The Dallas Morning News - Sunday, January 27, 1985
Author: Norma A. Wade, Metro South Bureau of The News

When attorney Doug Daman and his family moved from Houston to Dallas five years ago, they looked for a quiet, older neighborhood in which to settle.

Daman found a 70-year-old, prairie-style home in Oak Cliff's Winnetka Heights neighborhood. He later supported neighborhood efforts in 1981 to have the community declared a historic district by the city.

But now, Daman said, that support has come back to haunt him. Daman is locked in a dispute with a group of neighbors who oppose his plan to build a detached garage apartment in his back yard as living quarters for his invalid mother and her nurse.

Neighbors say Daman's plan violates the spirit and letter of the historic district ordinance because the apartment would be too large and its contemporary style would conflict with the prairie-style homes in the area.

If Daman is allowed to build the apartment, it would set a precedent that would weaken the ordinance, said members of the Old Oak Cliff Conservation League .

In addition, neighbors are concerned about the structure's being converted to rental property if Daman later sells his home at 203 N. Rosemont Ave., said Diane Sherman, president of the Winnetka Heights Neighborhood Association.

The City Plan Commission voted in December to accept a city staff recommendation rejecting Daman's proposed design for the apartment. The City Council will hear Daman's appeal of that decision Jan. 30.

Daman said he thinks his neighbors are interfering in his private life and the city is aiding them by blocking his building plans. He said he had planned to move his mother from her home in North Dallas to his property by Christmas.

"I'm not asking for a favor,' Daman said. "I'm asking for what I consider to be my right.'

Mrs. Sherman said the association has tried to accommodate Daman, but he has refused to accept suggested revisions to his design. Daman, however, said he has agreed to reduce the size of the apartment from 1,800 square feet to 720 square feet.

"Our compromise is allowing him to build a second structure, period,' Mrs. Sherman said. "When anyone challenges our historic ordinance, you have to go to bat for it.'

Because of the historic district designation, any changes to a home or building in the neighborhood must be reviewed by a task force made up of neighborhood residents and plan commission members. The task force opposed Daman's plans.

According to the historic district ordinance, any new structure on property in the neighborhood must conform to existing architecture in size, scale, color and design.

Neighbors want Daman to be able to accommodate his mother, but they also want him to respect the neighborhood's integrity, Mrs. Sherman said.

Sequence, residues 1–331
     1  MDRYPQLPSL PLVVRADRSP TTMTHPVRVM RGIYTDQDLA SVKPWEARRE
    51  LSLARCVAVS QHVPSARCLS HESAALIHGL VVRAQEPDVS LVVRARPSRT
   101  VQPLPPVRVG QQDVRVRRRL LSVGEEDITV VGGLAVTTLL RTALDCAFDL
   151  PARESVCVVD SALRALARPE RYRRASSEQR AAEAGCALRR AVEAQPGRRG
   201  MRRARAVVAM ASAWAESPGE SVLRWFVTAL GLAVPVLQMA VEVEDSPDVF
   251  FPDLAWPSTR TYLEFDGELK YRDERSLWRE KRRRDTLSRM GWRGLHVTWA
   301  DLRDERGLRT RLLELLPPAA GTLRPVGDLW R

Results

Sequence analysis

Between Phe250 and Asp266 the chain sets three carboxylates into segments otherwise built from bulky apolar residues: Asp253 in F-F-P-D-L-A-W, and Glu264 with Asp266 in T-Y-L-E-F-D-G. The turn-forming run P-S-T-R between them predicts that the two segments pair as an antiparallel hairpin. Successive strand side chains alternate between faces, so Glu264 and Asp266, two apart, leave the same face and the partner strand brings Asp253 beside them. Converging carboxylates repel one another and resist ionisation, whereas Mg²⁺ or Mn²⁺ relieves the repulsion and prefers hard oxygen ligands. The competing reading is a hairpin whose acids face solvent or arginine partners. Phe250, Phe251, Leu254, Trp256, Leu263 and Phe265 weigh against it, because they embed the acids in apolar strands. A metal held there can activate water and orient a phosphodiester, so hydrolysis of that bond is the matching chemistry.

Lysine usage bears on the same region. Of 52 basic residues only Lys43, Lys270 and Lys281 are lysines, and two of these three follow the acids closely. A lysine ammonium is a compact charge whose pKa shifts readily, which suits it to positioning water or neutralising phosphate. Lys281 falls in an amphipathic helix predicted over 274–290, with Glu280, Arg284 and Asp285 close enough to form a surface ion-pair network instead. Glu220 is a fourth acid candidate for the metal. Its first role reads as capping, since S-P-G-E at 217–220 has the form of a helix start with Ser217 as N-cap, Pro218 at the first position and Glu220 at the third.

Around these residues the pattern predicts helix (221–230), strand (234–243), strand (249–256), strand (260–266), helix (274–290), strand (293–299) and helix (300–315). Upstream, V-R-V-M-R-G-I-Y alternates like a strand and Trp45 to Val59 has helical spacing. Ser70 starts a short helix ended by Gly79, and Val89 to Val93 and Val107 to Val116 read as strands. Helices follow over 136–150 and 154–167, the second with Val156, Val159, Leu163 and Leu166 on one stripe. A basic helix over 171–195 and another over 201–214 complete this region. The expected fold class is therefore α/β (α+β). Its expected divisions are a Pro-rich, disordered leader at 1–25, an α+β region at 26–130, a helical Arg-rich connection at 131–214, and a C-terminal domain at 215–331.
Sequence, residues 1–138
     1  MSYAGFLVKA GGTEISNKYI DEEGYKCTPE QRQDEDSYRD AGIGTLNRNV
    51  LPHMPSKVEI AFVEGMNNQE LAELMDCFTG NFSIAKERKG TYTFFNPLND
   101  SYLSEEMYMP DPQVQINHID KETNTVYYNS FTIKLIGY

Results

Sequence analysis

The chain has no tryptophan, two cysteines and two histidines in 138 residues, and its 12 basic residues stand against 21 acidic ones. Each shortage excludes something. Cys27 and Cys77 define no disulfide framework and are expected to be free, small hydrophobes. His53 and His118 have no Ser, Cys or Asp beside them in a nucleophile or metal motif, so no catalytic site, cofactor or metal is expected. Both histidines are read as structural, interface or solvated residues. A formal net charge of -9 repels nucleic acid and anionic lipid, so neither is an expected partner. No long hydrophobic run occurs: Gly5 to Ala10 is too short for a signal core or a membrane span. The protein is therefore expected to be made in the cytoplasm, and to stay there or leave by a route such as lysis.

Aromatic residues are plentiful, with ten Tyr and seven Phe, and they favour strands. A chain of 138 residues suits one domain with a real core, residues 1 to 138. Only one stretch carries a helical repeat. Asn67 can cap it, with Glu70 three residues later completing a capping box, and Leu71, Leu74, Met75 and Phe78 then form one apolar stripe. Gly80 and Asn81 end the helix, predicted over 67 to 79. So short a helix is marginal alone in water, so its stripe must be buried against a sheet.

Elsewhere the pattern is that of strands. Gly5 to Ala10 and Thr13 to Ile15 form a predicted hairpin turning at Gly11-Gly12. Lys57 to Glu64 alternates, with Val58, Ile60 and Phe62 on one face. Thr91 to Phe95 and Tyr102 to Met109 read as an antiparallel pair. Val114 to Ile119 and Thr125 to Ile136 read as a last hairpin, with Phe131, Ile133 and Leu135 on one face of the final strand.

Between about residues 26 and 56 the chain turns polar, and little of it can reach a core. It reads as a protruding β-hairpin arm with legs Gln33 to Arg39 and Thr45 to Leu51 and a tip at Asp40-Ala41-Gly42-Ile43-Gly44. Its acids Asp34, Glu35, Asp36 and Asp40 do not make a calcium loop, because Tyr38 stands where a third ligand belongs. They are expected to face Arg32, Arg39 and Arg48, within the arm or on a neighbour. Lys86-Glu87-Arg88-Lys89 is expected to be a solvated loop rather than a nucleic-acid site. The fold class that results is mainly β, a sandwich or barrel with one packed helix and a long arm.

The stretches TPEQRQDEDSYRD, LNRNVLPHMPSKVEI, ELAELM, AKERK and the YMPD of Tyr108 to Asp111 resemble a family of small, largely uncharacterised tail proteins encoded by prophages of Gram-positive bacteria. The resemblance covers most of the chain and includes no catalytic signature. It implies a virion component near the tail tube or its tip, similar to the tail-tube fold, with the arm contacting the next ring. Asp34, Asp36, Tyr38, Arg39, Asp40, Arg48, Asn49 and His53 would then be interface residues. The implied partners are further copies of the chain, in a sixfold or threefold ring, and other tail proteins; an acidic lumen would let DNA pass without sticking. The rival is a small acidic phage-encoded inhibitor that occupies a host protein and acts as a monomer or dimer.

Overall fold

"There are a lot of benefits to living in a historic district,' she said. "But there also is a lot of responsibility.'


The Dallas Morning News - Thursday, October 17, 1985
Author: George Rodrigue

Dallas planners are completing a new comprehensive land-use plan for 5.5 square miles of North Oak Cliff that seeks to reconcile the goals of neighborhood improvement, preservation of low-income housing and commercial revitalization.

The plan recommends a reduction of commercial or apartment zoning in some areas, an increase in commercial zoning in other areas, an imposition of new height and building design guidelines in some commercial areas and additional efforts to upgrade low-income housing.

City planner Rose Faeges said the city began to consider land-use issues in the area -- bounded by Interstate 30, Interstate 35, Hampton Road and the Atchison Topeka & Santa Fe railroad tracks -- because three previous studies recommended such a move. He also said that neighborhood organizations sought the city's assistance and the city noted increasing real estate speculation in parts of North Oak Cliff.

"I think that this is something we need to do now before we have another Oak Lawn in Oak Cliff, where you have sporadic development with no real planning,' said James Davis, president of the Old Oak Cliff Conservation League , an umbrella group for local neighborhood associations.

City Council member Bill Milkie, who represents the bulk of the area, said he is "very supportive of the staff's effort so far,' but was unable to comment on specifics of the plan.

But City Council member Diane Ragsdale, who represents the extreme eastern part of the planning area, said the city has failed so far to offer low-income residents adequate protection against displacement by rising land values.

"There is no question in my mind that we need to do much more,' she said.

Ms. Faeges said she probably will amend the plan as she carries it through at least a half-dozen public meetings before presenting it to the City Plan Commission later this year. She said its key points currently include:

*Possible reduction of commercial or apartment zoning rights in some residential areas where zoning is incompatible with existing land uses to avoid the dangers of commercial speculation and neglectful absentee landlords.

*Possible increases or adjustments to commercial zoning rights in most of the areas between downtown, Beckley Avenue, Zang Boulevard and I-30 -- coupled with new landscaping and design standards for all commercial areas -- to promote attractive redevelopment.

*Housing code enforcement to promote rehabilitation of some residential neighborhoods coupled with the use of the city's low-interest loan programs to assist home and apartment owners with necessary repairs.

*Permitting private clubs and restaurants to sell alcoholic beverages in the commercial strips along Jefferson and Davis streets, but only if the owners first obtain City Council permission for the sales.